The role of the prefrontal cortex on executive functions

Other factors can come into play, such as porn addiction or game addiction which have both gone rampant with the rate of developing technologies. She had fallen out of a two-story window and hit her head on the hard ground, suffering a concussion.

The role of the prefrontal cortex on executive functions

The prefrontal cortex is an important part of the brain that is responsible for many of our cognitive abilities. The prefrontal cortex is required for our analytical thinking problem solvingemotional control and intelligence, verbal communication, and memory forming abilities.

The Prefrontal Cortex and Planning So what would happen if you remove only the prefrontal cortex from the frontal lobe of the brain?

The cerebral cortex is the largest region of the cerebrum in the mammalian brain and plays a key role in memory, attention, perception, cognition, awareness, thought, language, and consciousness. The cerebral cortex is the most anterior (rostral) brain region and consists of an outer zone of neural tissue called gray matter, which contains neuronal cell bodies. There is a strong consensus that the prefrontal cortex plays an important role in biasing attention and behavior in executive functions (Norman and Shallice, ; Hazy et al., )—however, without a specific mechanism of how the prefrontal cortex mediated executive “decides” to bias attention and behaviors, the concept will remain. This situation has now changed considerably and the chapters in The Prefrontal Cortex—Executive and Cognitive Functions reflect the ever-increasing degree of theoretical, and technical, sophistication that has been brought to bear on this area of study.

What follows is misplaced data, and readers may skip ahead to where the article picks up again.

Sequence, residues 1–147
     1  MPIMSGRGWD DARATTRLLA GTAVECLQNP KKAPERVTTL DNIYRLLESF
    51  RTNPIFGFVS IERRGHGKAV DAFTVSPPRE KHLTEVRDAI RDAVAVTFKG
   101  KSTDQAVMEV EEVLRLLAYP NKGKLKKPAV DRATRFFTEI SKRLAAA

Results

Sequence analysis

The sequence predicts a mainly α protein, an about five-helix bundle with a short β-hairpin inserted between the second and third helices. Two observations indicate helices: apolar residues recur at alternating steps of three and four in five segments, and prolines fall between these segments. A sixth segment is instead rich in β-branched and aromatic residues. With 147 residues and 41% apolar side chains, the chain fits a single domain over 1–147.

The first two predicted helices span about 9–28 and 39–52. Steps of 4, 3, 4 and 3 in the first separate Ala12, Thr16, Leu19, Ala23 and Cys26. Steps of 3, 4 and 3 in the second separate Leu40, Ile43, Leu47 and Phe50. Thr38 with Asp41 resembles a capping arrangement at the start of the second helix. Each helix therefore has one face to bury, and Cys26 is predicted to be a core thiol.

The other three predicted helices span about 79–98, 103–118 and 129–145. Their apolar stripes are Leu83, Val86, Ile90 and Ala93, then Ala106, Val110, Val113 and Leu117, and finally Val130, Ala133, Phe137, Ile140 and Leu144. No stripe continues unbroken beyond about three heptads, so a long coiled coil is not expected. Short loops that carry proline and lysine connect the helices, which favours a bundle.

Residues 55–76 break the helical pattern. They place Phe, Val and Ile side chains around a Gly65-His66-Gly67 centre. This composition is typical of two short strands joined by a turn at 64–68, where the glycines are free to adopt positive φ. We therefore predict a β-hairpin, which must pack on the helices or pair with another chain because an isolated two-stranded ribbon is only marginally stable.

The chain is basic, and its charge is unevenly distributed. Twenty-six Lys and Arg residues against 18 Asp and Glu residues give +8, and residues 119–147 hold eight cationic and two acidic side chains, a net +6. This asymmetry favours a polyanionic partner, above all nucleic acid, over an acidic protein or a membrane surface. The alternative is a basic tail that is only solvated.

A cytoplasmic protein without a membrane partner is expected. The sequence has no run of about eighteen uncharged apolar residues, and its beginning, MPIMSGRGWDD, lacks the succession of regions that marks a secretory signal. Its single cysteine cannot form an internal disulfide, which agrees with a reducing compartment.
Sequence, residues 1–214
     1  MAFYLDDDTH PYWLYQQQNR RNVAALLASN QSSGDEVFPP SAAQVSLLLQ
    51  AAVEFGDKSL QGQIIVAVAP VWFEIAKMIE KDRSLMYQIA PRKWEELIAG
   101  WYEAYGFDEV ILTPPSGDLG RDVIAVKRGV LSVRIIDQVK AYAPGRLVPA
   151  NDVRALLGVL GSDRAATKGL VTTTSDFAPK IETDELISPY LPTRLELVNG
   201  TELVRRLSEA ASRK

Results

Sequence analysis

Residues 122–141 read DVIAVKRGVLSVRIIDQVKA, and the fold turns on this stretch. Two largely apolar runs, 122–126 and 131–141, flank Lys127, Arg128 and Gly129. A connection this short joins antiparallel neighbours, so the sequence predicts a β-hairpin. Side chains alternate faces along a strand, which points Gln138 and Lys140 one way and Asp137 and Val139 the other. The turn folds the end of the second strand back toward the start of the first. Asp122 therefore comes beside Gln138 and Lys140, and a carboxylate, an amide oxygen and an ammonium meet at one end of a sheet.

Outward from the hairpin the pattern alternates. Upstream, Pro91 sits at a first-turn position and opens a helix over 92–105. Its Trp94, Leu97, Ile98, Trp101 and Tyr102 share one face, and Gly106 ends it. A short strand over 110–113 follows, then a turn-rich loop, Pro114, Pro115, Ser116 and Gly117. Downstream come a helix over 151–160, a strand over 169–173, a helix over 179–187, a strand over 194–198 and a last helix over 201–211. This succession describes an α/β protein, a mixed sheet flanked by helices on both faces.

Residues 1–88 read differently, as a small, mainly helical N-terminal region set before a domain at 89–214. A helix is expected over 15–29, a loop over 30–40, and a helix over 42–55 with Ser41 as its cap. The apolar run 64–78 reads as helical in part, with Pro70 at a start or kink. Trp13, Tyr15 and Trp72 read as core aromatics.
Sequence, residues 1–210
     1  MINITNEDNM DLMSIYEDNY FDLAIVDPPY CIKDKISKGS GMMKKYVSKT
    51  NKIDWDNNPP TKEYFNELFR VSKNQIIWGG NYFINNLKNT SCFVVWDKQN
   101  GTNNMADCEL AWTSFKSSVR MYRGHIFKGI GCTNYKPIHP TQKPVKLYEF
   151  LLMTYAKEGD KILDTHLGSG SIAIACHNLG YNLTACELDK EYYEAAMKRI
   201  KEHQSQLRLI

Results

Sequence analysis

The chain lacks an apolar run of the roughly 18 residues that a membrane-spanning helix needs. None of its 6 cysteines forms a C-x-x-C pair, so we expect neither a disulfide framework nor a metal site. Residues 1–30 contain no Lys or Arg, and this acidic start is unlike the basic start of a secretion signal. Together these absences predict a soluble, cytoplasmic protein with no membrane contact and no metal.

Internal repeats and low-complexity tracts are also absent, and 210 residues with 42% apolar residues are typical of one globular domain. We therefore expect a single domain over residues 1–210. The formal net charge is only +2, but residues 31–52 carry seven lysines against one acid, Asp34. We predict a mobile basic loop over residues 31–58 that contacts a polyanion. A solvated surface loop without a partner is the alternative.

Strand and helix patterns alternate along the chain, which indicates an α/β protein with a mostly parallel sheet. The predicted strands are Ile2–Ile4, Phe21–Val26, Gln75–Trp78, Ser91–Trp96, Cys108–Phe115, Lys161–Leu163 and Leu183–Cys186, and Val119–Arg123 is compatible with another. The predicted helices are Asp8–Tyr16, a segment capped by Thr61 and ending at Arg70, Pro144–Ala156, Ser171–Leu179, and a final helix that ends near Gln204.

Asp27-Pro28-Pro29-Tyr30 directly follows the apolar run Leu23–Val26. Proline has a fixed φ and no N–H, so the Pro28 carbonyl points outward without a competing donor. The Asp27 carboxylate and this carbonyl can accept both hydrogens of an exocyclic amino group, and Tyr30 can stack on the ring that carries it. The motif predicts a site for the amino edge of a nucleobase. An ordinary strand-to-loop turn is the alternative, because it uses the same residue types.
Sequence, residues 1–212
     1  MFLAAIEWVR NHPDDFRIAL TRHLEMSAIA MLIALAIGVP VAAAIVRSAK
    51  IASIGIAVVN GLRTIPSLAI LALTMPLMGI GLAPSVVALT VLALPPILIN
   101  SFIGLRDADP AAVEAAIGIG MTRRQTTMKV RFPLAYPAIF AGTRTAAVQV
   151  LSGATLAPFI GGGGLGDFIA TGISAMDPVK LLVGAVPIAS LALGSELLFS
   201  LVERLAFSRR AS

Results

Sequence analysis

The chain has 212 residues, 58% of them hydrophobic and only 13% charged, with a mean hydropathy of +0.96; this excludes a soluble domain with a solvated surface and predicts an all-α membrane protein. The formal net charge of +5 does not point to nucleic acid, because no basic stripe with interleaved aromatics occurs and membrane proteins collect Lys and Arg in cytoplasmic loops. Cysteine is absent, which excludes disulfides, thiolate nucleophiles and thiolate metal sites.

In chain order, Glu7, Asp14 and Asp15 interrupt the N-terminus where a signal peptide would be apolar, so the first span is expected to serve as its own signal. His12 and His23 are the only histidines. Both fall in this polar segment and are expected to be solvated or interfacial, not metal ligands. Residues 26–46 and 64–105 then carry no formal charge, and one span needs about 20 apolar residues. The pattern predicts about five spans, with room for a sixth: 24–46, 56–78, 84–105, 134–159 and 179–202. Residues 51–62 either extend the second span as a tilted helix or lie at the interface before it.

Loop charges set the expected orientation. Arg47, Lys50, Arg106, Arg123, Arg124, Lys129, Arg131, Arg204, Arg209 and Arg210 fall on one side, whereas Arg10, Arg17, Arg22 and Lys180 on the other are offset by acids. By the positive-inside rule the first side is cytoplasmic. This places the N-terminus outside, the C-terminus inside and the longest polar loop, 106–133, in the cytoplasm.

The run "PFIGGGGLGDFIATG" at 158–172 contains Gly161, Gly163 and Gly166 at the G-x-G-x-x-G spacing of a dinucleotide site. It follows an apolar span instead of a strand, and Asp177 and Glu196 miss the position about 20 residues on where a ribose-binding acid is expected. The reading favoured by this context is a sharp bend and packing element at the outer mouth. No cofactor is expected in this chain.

First, let us consider that the prefrontal cortex is interconnected with many areas throughout the brain, including sensory and motor areas[1,2] and posterior association cortices. It links information from primary and unimodal sensory areas, and is important in perception and language.

Although the prefrontal cortex is interconnected with many other parts of the brain, damage to the prerfontal cortex does not result in any immediately obvious impairment to cognition and intelligence [7]. But given that the prefrontal cortex is connected to many different parts of the brain, a change should be expected if the prefrontal cortex is damaged.

And again, no substantial behavioral change was observed when the entire left or right prefrontal cortex was surgically removed.

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To illustrate what this means, these monkeys were taught to do a certain action according to a stimuli- before their whole prefrontal cortex was removed. For example, how to open a door by its handle. After the prefrontal cortex was removed, the monkeys would still reach for a door handle if they saw one.

However, the monkeys without the prefrontal cortex could not open the door- which is a complex, goal-oriented action that requires turning the handle and moving the door to open.

This goes to show that the prefrontal cortex is required for planning and acting according to a plan. The monkeys without the prefrontal cortex could only do an action reflexively without knowing why they are doing it. Certain objects and settings can compel these individuals to perform the associated action without regard to the appropriateness of the context [9,10].

Many fascinating anecdotal stories of these patients with damage to the PFC are available. For example, one story recounts of a patient who had worked in an executive position for numerous years prior to his frontal stroke.

Another patient, upon seeing a stapler, was compelled to staple together any loose paper that was sitting on the desk. Yet another patient saw a toothbrush and automatically picked it up to brush her teeth.

By Database Center for Life Science. Whether to do something, or not. Without the prefrontal cortex, a person no longer has the ability to say no. Instead, he or she would act habitually according to a stimuli. Without the prefrontal cortex, the patient loses his ability to decide when or when not to perform an action; when or when not to brush his or her teeth.